I haven’t posted in a while as I have been doing other projects but I’m hoping to start posting regularly and have some exciting news to share with you. We have a new addition to the family and he is a Pug and we have named him Puck as from the Shakespeare play – midsummer nights dream.
Puck has had a difficult time in his life already, he was only 12 weeks old and yet when we were due to collect him at 10 weeks he had an eye ulcer and he had to have an operation which was a skin graft over the eye, a few days later due to his enormous pug eyes the cover for the eye came off and so he then went through another op to have his 3rd eyelid pulled down, again a few days later and back at the vets, the vet had to cut the 3rd eyelid open as it wasn’t doing the job. We were worried he may lose his eye yet the vet wasn’t giving up and so we had to now take it day by day and hope that nature would cure his eye.
The vet said that Puck the pirate pug as we nicknamed him, his eye was 75% healed and so we spent the next week having to keep a close eye on him and then had to pop in to see the vet so he could monitor it to see if it was healing.
We finally got some good news when we took Puck back to the vets as we were told his cone of shame can come off and that he could have his 2nd injection as the 1st one was just under 4 weeks ago so it means that we can finally take him out in 1 week instead of what we thought was going to be another 4 weeks.
Having researched puppy injections quite a bit there are numerous debates on the subject of protecting your puppies from parvovirus and other illnesses, which is quite interesting.
4 weeks is the time to leave before 2nd puppy vaccination at the latest and also your puppy only needs 1 injection it’s just that their is a certain window in which vets like to catch so that the puppy is best protected which is why they give 2 injections so that they can inject the vaccine when the puppy maternal antibodies is low as this is when your puppy will best take on the vaccine and protect them.
Numerous studies have also been done whereas only 1 injection has been given vs. 2 injections and the results were that giving puppy injections once at an older age 12-16 weeks fully protected them yet a group of puppies given two injections at 8-12 weeks old two jabs; they were only protected 96%. There’s still a lot of debate on the vaccine but I for one would happily give 2 injections as long as the puppy is safe.
More Pug Problems…
The day we were supposed to finally take Puck out, we noticed his “good eye” something wasn’t quite right so we rushed him into the vets and were told he had another ulcer. Our vet took him and operated on the eye and then sent him home to us late that evening.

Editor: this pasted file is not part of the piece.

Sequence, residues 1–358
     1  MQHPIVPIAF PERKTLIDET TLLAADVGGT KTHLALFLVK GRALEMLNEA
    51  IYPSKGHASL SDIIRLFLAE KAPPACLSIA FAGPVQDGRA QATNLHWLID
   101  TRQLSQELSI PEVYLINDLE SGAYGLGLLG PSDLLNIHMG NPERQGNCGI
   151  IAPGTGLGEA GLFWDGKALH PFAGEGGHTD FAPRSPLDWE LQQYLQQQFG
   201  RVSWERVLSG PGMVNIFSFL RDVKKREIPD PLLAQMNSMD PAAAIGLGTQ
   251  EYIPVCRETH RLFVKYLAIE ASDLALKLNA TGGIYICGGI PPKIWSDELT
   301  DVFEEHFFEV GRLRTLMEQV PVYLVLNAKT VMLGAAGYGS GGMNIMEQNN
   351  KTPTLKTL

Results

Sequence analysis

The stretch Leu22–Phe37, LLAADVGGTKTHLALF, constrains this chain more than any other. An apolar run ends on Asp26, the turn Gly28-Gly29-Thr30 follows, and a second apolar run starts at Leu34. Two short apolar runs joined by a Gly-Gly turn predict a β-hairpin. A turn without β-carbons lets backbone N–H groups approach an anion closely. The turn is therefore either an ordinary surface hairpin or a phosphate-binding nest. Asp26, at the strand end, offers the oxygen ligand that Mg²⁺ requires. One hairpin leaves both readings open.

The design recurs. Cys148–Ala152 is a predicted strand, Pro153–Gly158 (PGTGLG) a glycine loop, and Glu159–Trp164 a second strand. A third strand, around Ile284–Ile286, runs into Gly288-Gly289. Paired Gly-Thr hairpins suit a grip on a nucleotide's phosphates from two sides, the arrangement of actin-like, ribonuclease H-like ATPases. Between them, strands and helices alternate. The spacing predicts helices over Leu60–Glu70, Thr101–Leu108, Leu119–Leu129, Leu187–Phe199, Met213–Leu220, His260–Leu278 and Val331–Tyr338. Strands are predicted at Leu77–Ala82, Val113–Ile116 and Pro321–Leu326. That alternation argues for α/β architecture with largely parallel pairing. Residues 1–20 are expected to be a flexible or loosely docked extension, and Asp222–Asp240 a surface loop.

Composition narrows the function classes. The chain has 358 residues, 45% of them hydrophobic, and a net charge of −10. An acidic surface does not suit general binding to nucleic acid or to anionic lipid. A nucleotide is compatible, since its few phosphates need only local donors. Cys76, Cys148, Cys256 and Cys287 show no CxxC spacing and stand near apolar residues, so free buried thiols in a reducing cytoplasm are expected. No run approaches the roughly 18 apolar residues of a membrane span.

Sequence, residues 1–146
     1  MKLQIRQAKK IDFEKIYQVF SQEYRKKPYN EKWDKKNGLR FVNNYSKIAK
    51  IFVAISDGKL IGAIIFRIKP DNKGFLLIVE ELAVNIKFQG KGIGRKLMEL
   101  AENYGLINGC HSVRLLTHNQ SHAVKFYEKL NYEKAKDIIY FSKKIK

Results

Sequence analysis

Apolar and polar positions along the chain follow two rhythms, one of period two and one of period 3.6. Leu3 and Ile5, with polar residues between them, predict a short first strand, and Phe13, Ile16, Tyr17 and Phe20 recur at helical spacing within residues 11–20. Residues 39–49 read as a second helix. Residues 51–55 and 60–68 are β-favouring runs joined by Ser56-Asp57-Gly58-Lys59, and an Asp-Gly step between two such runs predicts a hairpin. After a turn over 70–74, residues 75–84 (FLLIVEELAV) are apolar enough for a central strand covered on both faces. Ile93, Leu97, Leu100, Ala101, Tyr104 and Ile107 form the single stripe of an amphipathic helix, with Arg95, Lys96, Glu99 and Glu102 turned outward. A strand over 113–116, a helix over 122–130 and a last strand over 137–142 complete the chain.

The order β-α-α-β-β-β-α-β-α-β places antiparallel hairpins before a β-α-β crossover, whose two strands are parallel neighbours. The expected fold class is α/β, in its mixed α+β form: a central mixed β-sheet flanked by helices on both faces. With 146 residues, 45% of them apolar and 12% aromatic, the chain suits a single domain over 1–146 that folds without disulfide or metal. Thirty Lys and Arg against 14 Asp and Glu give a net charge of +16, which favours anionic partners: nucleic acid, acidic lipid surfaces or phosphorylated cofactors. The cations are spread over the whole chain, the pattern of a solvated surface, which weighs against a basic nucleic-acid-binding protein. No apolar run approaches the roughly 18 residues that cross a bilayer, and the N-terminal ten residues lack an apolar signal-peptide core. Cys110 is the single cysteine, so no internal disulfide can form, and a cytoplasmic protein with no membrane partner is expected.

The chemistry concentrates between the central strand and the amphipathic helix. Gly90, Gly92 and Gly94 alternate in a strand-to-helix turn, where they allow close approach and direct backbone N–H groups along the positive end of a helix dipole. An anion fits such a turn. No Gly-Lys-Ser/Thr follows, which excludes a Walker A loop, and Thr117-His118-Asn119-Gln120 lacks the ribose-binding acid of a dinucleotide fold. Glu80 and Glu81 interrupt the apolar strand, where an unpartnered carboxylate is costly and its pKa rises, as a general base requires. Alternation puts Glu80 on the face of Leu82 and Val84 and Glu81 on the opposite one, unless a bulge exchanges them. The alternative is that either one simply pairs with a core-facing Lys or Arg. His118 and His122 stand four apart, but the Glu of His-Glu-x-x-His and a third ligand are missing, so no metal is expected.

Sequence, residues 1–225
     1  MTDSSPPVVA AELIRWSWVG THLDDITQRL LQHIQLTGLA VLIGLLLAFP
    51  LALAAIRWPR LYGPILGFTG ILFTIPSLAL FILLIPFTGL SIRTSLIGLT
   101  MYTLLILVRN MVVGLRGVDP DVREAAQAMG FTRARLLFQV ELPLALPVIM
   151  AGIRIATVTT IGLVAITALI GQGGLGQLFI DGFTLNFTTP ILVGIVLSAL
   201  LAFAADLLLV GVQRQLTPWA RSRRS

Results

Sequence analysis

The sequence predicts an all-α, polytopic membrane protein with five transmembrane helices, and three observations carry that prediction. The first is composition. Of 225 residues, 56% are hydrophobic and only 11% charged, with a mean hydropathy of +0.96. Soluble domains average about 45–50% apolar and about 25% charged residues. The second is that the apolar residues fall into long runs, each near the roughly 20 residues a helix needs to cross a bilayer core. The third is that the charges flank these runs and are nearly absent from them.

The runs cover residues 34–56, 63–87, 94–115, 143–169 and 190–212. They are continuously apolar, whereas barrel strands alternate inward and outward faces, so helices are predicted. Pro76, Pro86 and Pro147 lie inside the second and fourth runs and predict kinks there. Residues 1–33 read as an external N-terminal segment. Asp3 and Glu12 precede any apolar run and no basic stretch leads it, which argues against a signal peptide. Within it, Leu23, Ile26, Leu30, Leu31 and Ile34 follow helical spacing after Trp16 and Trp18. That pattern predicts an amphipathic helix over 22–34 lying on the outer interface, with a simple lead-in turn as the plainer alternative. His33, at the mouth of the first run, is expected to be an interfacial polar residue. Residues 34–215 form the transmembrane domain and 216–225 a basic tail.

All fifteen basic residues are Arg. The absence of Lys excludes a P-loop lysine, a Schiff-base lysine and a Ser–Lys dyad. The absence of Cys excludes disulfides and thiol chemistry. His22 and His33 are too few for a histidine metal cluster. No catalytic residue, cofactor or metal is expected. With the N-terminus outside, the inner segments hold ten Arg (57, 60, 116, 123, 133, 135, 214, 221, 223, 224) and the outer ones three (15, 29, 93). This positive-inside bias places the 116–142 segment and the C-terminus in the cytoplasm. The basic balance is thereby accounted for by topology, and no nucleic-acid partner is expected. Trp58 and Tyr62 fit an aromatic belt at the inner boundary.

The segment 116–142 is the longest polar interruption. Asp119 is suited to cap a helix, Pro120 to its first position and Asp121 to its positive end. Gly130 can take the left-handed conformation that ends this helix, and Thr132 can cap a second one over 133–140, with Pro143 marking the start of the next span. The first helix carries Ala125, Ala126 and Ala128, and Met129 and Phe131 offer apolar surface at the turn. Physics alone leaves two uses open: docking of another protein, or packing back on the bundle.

A few days later we knew something was wrong as we took him back in, the vet assessed him and told us the eye pressure was 98, which should have been 18.
He was in a lot of pain as he had Glaucoma – is a disease that is often associated with elevated interocular pressure, in which damage to the eye (optic) nerve can lead to loss of vision and even blindness. Glaucoma is the leading cause of irreversible blindness in the world.
And so the vet operated again and informed us that he may lose the eye, which we were prepared for as he was having so many problems with his eyes, and all we wanted was for Mr Puck to be happy and healthy.
More research online suggests that its more common for Pugs with one eye that two eyes and dog’s can live a great life with only one eye.
Since Puck the pug has had his eye removed, he is now finally happy again, lively and a great joy to have around. He is a very confident puppy and isn’t afraid of much. He likes to sleep and be carried and is great at car journeys.
Snug has also been great accepting Puck, they are best friends and in fact sometimes do our heads in as they like to play, they will probably play all day if we don’t intervene.
Puck has started learning some tricks and is very obedient, in fact he is better at some tricks than our Pugzu Snug the shug. He loves his food but researching it’s a Pug thing! Apparently pugs are never full and will keep eating which are probably why there are quite a few fat pugs out there.
Pug Blind Dog
Because Puck the pug only has one eye and the other is still recovering from the first ulcer he can probably see around 20% but is getting better. Therefore we have had to put bells on Snug and our two cats so that Puck knows they are there.
That’s it for this update but I will be posting more updates and new articles over the coming weeks.